Since 1907, "Be Prepared” has been the motto for millions of Boy and Girl Scouts around the world. The expression represents the constant readiness and willingness in both mind and body to do the right thing at the right moment. You don’t have to be a scout to understand the motto applies to all of us. Here are five components of a strong financial plan:
1. Define your financial plan goals.
The importance of defining your goals is to provide a target for orienting your plan. After all, you don’t hop into the car and just start driving without knowing where you are heading (okay sometimes that does happen).
Creating goals can be daunting. Keep it simple and understandable.
- Take some time and capture your thoughts on paper.
- Once you have a list, organize your goals chronologically.
- Next, prioritize and place focus on what matters the most to you.
These objectives change over time, so visit your plan frequently to make sure it keeps pace with the changes in your life.
2. Make rough cash flow projections.
Cash flow projections analyze the various “What if...?” questions that arise. For example, What if I retire at a certain age? What if I spend this much during retirement? Is my investment strategy consistent with my spending needs? Can I afford long-term care coverage if I need it?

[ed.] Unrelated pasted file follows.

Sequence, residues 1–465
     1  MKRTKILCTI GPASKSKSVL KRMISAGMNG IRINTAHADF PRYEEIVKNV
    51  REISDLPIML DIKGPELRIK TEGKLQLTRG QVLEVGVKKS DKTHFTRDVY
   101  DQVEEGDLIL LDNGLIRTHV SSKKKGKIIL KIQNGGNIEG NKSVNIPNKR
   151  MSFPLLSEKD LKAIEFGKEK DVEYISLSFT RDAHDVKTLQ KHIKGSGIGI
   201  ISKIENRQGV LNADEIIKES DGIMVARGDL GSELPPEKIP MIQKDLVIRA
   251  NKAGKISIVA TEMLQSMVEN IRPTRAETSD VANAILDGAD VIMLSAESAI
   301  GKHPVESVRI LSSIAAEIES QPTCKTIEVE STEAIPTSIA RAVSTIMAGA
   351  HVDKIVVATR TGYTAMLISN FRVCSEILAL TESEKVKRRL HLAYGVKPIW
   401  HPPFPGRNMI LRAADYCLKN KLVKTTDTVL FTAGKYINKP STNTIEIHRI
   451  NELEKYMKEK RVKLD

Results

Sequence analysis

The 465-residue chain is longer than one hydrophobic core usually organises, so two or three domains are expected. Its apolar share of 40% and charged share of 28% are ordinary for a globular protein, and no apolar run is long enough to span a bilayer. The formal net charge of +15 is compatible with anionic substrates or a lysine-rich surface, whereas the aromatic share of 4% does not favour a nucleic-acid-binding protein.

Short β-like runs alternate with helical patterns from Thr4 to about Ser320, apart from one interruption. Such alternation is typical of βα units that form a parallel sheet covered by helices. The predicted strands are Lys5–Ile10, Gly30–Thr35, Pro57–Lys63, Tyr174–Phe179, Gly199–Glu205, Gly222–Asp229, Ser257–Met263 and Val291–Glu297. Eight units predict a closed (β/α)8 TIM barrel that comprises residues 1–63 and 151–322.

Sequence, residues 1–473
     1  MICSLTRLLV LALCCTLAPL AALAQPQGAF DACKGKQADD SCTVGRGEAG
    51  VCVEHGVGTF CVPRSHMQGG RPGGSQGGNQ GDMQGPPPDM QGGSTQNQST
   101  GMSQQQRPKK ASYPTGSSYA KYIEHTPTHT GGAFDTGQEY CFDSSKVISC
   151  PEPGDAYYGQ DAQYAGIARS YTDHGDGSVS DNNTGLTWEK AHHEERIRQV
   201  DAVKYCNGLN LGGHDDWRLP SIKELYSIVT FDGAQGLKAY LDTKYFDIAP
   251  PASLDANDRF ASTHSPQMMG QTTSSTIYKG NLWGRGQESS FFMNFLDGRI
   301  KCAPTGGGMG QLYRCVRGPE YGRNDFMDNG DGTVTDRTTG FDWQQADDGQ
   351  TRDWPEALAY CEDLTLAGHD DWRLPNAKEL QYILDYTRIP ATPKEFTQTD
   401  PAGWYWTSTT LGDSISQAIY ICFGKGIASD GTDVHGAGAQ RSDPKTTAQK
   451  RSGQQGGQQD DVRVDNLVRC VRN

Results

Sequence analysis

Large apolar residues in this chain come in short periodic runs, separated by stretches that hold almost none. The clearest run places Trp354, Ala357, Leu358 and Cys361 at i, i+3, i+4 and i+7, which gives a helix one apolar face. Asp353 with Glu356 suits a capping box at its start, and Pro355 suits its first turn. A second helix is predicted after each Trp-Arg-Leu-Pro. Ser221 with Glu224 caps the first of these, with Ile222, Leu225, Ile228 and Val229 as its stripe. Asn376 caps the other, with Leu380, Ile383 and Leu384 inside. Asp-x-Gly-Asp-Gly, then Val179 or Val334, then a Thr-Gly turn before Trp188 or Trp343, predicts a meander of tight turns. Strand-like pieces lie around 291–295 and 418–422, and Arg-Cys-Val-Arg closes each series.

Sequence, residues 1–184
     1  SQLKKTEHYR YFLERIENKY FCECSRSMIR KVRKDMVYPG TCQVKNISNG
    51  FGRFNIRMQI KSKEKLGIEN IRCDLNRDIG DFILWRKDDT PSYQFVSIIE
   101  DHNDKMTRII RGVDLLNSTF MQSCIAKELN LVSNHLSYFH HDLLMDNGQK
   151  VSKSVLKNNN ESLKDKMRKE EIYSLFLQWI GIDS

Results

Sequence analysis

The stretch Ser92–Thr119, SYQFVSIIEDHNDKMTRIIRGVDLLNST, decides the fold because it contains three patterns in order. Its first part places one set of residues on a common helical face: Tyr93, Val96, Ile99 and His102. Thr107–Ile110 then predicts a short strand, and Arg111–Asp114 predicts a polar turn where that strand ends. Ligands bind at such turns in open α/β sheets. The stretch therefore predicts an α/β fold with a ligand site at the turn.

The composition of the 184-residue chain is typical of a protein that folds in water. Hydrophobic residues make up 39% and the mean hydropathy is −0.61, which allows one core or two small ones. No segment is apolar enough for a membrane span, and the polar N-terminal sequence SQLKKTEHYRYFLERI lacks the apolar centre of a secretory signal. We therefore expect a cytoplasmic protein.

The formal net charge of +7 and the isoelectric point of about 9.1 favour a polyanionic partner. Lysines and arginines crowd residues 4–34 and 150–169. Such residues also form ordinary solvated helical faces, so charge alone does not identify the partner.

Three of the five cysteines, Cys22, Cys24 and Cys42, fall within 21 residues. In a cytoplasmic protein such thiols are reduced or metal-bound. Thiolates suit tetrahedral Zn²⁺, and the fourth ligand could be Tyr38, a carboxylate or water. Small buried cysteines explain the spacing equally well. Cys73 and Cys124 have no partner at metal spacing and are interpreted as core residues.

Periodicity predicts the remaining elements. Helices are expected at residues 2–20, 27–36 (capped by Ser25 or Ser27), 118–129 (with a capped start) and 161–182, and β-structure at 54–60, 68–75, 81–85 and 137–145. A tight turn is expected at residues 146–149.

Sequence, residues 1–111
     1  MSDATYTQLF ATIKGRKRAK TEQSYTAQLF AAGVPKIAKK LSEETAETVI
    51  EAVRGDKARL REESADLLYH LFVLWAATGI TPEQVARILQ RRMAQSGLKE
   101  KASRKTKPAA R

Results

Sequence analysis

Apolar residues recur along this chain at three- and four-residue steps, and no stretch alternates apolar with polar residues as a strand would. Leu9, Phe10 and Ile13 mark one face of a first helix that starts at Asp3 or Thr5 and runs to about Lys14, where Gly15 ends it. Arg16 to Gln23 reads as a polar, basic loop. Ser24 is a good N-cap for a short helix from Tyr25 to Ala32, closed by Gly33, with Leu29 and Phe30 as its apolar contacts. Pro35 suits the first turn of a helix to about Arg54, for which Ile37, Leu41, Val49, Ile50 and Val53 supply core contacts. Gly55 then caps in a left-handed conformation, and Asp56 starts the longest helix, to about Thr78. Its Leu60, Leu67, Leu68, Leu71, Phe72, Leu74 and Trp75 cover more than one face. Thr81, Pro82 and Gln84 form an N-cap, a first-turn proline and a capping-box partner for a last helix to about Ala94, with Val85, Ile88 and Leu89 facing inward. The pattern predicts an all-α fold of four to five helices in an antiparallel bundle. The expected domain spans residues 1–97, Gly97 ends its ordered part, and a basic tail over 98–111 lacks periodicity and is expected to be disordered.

While no one can predict the future with accuracy, it is very helpful to “test” your plan, its assumptions, and the ability to withstand unexpected events. Cash flow projections test these various scenarios.
Through this process, you will discover that the various components of your plan are interrelated. For example, your investment strategy can be directly impacted by your income needs or the length of time until retirement.
3. Assess your risks.
Risks come in many shapes and sizes. For example, will your money last? How can you pay for college and save for retirement without selling a kidney? How will you cover long-term care costs?
Some risks can be addressed through various forms of insurance. Others can be addressed as part of your plan through savings, investment strategies, and basic planning techniques. While the events we worry about may not come to pass, it is important to incorporate risk management as part of your plan.
4. Define an investment strategy based on the factors above.
Your investment strategy is important. In many ways it is the embodiment of your financial plan. A good investment strategy reflects the Goals you are trying to achieve. It is consistent with the withdraw needs and time horizon outlined in your Cash Flow Projection. Lastly, it balances the Risks you are willing to accept as an investor with the return you need.
5. Review and refine your plan regularly.
Remember that financial planning is a never-ending process. It changes as your life changes. During times of heightened volatility in the markets, it is helpful to remember that you have built a sound foundation through planning. Continue to follow these time-tested principles.
We enjoy helping people through the steps of financial planning. Contact us for a no-obligation talk with a member of our team.